Ruth Miller ’08: 20-year History of Seminary Study

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On her career as a church educator and her 20-year history of seminary study

Alumna Ruth MillerRuth Miller, of Coopersburg, PA (MAR 2008), wondered aloud if she held the record for the longest number of years matriculating to LTSP.

She took her first course in Old Testament with Professor Robert Bornemann in 1977 “because my pastor told me to come to seminary,” recalled Miller, who had been engaged to serve as Director of Christian Education and Youth at St. James Lutheran Church in Coopersburg, PA. Her pastor was the Rev. Richard Wolf, an LTSP alumnus.

Beginning in her youth and over the 20 years following that course, she traced a rich variety of learning experiences mixed with a fascinating career in the fields of Christian Education and Youth, working at nearly every level of the Lutheran Church in America (LCA) and the Evangelical Lutheran Church in America (ELCA), the LCA’s successor denomination. She was part of Luther League and choir activities while growing up in Schuylkill County, grew in experience as a counselor at Ministerium, a Lutheran camp along the Delaware River in the Poconos, during her high school years. In addition to work at the congregational level, Ruth served the Northeastern Pennsylvania Synod of the ELCA as its coordinator of Christian Education and Youth (1988-2005) while studying at seminary. She also served as an Educational Ministry executive for the Lutheran Church in America’s Division for Parish Services (DPS) prior to the 1988 merger to form the ELCA. During those DPS years, Miller recalled, she made lifelong friends from three national Lutheran jurisdictions who met frequently to plan resources and programs. The forming of those relationships has proved an unending blessing. But she singled out the seminary for special praise. “I am so thankful to LTSP for keeping me on all of those years to finish my degree while I was raising children, commuting, and working demanding jobs for the church.”

Miller recalled asking former dean James K. Echols, who had become president of the Lutheran School of Theology at Chicago, whether he felt she had set a longevity record as a student. He was revisiting the Philadelphia campus at the time as she approached commencement in 2008. He couldn’t answer her question but simply said, “I’m just sorry I can’t be here to see you graduate.”

Seminary memories are many. She remembered Prof. Bornemann fondly “in part because he was into archaeology, and I had wanted to become an archaeologist when I was a junior in high school.” Years later she enjoyed a second Bornemann course on “Arts, Music, and Architecture of the Church.” She said she still “has the book from that course, and I refer to it frequently.”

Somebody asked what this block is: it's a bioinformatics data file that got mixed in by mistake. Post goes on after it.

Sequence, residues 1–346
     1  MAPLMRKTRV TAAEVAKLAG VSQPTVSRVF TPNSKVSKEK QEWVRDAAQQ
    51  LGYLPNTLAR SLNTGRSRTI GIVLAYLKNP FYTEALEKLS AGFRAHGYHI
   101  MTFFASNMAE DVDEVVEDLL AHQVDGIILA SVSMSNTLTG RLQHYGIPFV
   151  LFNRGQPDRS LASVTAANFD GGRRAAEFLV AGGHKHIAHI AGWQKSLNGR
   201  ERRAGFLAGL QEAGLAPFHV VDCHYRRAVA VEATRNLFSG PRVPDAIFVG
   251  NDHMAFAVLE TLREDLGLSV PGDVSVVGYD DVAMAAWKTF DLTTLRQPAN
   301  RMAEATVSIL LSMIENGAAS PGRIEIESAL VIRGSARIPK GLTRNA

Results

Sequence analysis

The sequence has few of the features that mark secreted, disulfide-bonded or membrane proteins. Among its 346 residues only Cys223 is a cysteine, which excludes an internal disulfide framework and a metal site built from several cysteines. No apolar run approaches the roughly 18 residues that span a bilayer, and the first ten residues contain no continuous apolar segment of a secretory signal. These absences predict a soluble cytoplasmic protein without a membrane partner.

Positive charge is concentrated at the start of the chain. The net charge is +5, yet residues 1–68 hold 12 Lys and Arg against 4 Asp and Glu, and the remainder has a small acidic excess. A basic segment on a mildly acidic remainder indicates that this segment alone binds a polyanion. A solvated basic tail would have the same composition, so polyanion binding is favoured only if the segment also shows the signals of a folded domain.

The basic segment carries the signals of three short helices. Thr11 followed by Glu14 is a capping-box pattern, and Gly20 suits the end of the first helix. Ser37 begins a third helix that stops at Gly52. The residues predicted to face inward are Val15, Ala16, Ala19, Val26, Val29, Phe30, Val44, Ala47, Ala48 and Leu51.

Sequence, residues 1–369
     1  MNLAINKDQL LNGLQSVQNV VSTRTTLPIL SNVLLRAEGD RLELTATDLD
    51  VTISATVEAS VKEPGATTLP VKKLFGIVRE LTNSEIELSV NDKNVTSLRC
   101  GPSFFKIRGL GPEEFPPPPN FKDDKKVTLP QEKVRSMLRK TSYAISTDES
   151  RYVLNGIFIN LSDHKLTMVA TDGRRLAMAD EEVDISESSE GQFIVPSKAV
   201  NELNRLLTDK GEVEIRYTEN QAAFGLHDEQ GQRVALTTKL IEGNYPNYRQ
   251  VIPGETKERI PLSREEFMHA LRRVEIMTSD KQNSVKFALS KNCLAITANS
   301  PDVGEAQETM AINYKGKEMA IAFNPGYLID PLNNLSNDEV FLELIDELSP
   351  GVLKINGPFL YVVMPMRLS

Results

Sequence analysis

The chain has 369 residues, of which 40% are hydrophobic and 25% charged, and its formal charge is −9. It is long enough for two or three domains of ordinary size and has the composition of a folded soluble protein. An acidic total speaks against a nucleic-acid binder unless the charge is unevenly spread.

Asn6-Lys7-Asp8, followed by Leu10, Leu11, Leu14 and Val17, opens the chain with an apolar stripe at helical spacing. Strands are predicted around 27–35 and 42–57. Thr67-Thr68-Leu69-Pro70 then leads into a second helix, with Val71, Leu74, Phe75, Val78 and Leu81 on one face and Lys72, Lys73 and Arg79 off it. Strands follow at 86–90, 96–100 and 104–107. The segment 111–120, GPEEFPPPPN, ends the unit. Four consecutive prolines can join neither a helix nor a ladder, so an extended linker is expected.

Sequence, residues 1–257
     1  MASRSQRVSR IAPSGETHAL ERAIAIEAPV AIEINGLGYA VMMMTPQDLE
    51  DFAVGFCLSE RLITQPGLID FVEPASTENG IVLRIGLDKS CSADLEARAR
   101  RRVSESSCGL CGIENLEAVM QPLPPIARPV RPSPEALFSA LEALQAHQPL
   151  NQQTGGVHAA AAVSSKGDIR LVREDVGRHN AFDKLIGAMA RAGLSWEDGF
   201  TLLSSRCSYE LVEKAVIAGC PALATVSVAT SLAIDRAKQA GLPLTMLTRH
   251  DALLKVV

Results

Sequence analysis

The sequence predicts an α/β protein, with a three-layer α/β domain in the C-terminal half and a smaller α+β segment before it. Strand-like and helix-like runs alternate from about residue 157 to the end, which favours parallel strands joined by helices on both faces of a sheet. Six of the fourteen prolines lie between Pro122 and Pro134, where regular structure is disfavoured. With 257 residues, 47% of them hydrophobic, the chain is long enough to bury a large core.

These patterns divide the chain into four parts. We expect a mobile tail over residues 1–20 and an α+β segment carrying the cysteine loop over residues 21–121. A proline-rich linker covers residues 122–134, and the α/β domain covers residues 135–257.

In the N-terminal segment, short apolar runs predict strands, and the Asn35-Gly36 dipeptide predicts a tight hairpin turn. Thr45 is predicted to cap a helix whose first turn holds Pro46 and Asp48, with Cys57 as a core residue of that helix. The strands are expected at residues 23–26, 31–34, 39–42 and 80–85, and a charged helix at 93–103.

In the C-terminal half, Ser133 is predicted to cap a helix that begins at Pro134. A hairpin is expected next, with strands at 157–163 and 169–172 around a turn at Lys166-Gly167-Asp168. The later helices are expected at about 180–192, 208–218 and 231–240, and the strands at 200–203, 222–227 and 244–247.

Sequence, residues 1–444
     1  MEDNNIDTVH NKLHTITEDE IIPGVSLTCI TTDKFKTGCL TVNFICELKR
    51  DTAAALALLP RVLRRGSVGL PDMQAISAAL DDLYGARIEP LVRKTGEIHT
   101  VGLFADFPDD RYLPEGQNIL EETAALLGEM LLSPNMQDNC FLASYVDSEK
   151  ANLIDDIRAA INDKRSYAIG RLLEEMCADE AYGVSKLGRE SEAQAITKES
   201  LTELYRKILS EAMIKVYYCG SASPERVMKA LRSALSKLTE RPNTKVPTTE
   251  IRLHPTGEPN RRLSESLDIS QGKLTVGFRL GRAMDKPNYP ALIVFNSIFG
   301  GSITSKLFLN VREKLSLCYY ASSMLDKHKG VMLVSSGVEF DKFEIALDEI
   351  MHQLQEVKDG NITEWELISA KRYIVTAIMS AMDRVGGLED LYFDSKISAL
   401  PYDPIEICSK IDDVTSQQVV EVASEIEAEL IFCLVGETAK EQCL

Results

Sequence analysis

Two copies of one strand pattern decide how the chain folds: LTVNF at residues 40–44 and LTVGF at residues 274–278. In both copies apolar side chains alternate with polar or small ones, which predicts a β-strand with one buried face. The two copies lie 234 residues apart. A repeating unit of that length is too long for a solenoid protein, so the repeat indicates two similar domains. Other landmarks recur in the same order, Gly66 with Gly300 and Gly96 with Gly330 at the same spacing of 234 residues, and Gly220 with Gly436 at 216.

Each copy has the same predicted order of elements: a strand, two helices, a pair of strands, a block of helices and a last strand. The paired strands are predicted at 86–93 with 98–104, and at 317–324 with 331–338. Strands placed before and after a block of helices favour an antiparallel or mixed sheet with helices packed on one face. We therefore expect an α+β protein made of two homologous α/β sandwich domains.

Another favorite memory was studying the Lutheran Confessions with Professor Helmut Lehmann. “Each week we had to prepare in depth for discussions on the Confessions,” Miller recalled, “and we had to prepare a paper as well. Then Professor [Timothy] Wengert came along and embellished so much all I had been learning.”

While working at the Division for Parish Services in Philadelphia, Miller switched study gears from being a daytime commuter from the Lehigh Valley to going to seminary after work as part of the Urban Theological Institute (UTI). “Being a commuter all those years was somewhat hard at times,” she recalled. Since her daytime work in Philadelphia placed her close to the seminary campus at the end of the day, UTI’s schedule designed to enroll working students was most appealing. “There were Lutherans studying as I was in UTI, but what I remember most was the joy of studying with people from different backgrounds and traditions. It was so amazing. We would ask each other, ‘What do you think about this or that.’ We learned from each other through wonderful discussions. It wasn’t simply the professor knows this and that is it. It really prepared me for my career and for my knowledge of the faith. I think I must have been involved with UTI almost since it began, and it is such a great program.”

Miller said that overall she received a lot of gifts from her seminary years, but especially is grateful from what she learned about the Bible and doctrine.

Small wonder she and husband Ken are strong donors to LTSP. “We give in response to what we have been given through this school,” she said during an interview at the Krauth Memorial Library. “We want to support a school that is training leaders for the church and has been doing a wonderful job of that for a very long time. We want it to continue.” She noted that one of the seminary’s new students this fall is from her home congregation. “He just lost his Dad and has two children. He needs financial assistance to study, and so we want to support the seminary that is encouraging him.

“Mostly I am glad the seminary decided to keep me around all those years,” Miller recalled with a smile. “That was really a grace-filled gift!”

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